Microsoft Surface comes with a high-resolution display packing millions of pixels for delivering as clear as possible to the human eye. However, it also causes issues when you are using some software or old applications that don’t aware of display scaling.
In order to fix the display scaling problem, software developers need to rebuild their software to be compatible with high DPI display. You can also fix this problem by adjusting your Surface’s display resolution and scaling to a viewable 100% display scaling. However, Windows 10 doesn’t include any 3:2 resolution options besides the default maximum resolution on your Surface (see image below).
Table of contents
- Why do you need custom resolutions on Microsoft Surface?
- Microsoft Surface Screen Resolution
- Add custom resolutions via Intel Graphics Command Center
- Add custom resolutions via CRU
- Applying your new custom resolution
- Alternative Methods
There are situations in which you might need a custom resolution. Here is a few of those:
- When you are working with applications that do not support high DPI.
- When you want to fix problems while you working on multiple displays with different display scaling.
- When you want to optimize gaming performance with a lower resolution and the right 3:2 aspect ratio.
Here is some information about native resolution and resolution at 100% scaling you might need when you want to add a custom resolution on your Surface.
|Device Name||Native Resolution & Scaling||Resolution at 100% Scaling|
|Surface Go||1800 x 1200 (150%)||1200 x 800 (100%)|
|Surface Pro 3||2160 x 1440 (150%)||1440 x 960 (100%)|
|Surface Pro 4-7||2736 x 1824 (200%)||1368 x 912 (100%)|
|Surface Laptop 1-3||2256 x 1504 (150%)||1504 x 1002 (100%)|
|Surface Book / Book 2 13"||3000 x 2000 (200%)||1500 x 1000 (100%)|
|Surface Book 2 15"||3240 x 2160 (200%)||1620 x 1080 (100%)|
|Surface Studio 1-2||4500 x 3000 (200%)||2250 x 1500 (100%)|
You can also use the calculator below to help you find more 3:2 resolutions for your Surface devices. First, choose 3:2 from the preset and enter your desired resolution width or height to find its corresponding value.
Recently, Intel has introduced a new tool called Intel Graphics Command Center that is available for download for free via Microsoft Store. This tool has many features and functions that allow you to customize your device’s graphics settings without messing with current installed graphics drivers. On top of that, it also offers an easy way to add custom resolutions for your device as well.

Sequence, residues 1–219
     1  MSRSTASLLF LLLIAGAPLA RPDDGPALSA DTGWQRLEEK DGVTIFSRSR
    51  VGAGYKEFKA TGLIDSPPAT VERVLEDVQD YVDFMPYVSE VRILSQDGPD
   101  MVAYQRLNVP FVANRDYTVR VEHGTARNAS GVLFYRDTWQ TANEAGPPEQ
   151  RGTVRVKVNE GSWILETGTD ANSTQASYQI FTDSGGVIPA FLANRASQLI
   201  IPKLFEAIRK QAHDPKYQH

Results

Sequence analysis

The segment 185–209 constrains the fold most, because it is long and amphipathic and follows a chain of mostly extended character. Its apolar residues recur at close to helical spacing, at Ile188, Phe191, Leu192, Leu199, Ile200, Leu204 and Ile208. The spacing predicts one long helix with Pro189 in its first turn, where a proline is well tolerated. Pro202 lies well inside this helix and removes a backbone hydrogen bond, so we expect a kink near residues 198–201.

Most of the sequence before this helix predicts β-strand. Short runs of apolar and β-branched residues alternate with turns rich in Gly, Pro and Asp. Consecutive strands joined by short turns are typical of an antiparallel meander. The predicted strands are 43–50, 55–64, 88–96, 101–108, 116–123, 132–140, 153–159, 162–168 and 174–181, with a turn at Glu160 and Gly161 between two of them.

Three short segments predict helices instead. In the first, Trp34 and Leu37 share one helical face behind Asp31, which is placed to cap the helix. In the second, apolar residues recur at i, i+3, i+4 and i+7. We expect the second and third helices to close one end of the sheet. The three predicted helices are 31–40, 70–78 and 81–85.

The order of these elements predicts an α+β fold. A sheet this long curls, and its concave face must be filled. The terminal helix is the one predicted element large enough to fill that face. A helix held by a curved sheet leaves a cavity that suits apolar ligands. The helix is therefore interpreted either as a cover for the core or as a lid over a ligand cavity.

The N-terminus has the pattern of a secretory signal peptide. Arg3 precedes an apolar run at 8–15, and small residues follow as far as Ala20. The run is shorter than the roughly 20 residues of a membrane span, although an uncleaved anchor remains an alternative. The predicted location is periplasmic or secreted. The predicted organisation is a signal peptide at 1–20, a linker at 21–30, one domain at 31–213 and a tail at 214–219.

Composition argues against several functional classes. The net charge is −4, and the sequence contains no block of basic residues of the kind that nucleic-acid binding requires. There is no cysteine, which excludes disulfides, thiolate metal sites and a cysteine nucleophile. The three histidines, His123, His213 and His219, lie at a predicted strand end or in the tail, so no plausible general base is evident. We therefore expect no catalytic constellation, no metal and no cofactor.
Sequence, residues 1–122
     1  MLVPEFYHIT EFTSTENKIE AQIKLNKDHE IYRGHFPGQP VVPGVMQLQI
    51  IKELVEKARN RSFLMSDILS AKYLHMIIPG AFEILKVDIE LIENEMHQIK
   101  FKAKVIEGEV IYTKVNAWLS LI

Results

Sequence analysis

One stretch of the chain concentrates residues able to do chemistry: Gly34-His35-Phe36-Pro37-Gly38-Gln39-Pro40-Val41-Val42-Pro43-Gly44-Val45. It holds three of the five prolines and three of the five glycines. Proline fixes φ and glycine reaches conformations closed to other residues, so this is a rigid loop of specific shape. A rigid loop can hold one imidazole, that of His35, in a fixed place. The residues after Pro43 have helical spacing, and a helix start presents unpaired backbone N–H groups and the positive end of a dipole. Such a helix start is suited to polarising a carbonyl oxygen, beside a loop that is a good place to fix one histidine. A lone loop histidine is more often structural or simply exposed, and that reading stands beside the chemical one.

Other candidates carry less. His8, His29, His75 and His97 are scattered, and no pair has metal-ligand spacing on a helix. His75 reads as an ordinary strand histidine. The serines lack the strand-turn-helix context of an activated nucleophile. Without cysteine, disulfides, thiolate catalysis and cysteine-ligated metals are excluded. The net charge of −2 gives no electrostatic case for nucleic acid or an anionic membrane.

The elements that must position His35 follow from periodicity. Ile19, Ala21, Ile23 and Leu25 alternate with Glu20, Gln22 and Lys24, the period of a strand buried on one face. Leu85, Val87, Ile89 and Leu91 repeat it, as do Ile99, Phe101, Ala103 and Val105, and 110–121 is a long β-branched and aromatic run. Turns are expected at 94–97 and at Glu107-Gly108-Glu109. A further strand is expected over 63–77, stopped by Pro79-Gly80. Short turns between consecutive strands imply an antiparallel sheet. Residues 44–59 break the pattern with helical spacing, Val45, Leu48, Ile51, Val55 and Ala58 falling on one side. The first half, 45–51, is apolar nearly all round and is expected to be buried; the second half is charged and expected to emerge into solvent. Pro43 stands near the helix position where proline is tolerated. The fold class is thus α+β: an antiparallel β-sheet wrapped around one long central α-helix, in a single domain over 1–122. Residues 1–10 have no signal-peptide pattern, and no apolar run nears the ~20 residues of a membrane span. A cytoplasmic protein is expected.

The Intel Graphics Command Center currently supports only 6th Gen Intel Core processors or newer and Windows 10 version 1709 later. Here is the list of devices that supports this tool:
- Surface Pro 4/Pro 5/Pro 6/Pro 7
- Surface Laptop/ Laptop 2/ Laptop 3 (Intel)
- Surface Book/Book 2
- Surface Studio/Studio 2
To add a custom resolution via Intel Graphics Command Center:
- Install the Intel Graphics Command Center from Microsoft Store.
- Open Intel Graphics Command Center.
- Go to the Display section, and click the Custom button.
- Enter your preferred width and height and click OK. In this case, I entered 1504 for width and 1002 for height on my Surface Laptop 3.
- Click Yes to confirm adding the custom resolution.
- Now it will available in the resolution list. You can identify custom resolutions with “X” next to it.
- And it will also available in the system resolution list as well.
To manage custom resolution, today, I want to introduce a tool named CRU.
- Download the CRU (Custom Resolution Utility).
- Extract the downloaded file.
- Open the CRU tool.
- To add a custom resolution click Add button under Detailed resolutions.
- Set values of your preferred horizontal and vertical resolution. In this case on my Surface Pro 3, I set 1440 for horizontal and 960 for vertical.
- Click OK to close the Detailed Resolution dialog.
- Click OK again to save changes.
- Restart your computer to apply changes.
After you restart, now you can set your added custom resolution.
- Go to Settings > System > Display.
- Under Resolution, choose your new custom resolution (1440 x 960).
- Click Keep Changes to accept your new resolution.
Besides using the CRU tool, you can alternatively use a predefined screen resolution list made specifically for the 3:2 aspect for Surface Pro 3, Surface Pro 4, and Surface Book with a reg key. For more information check out: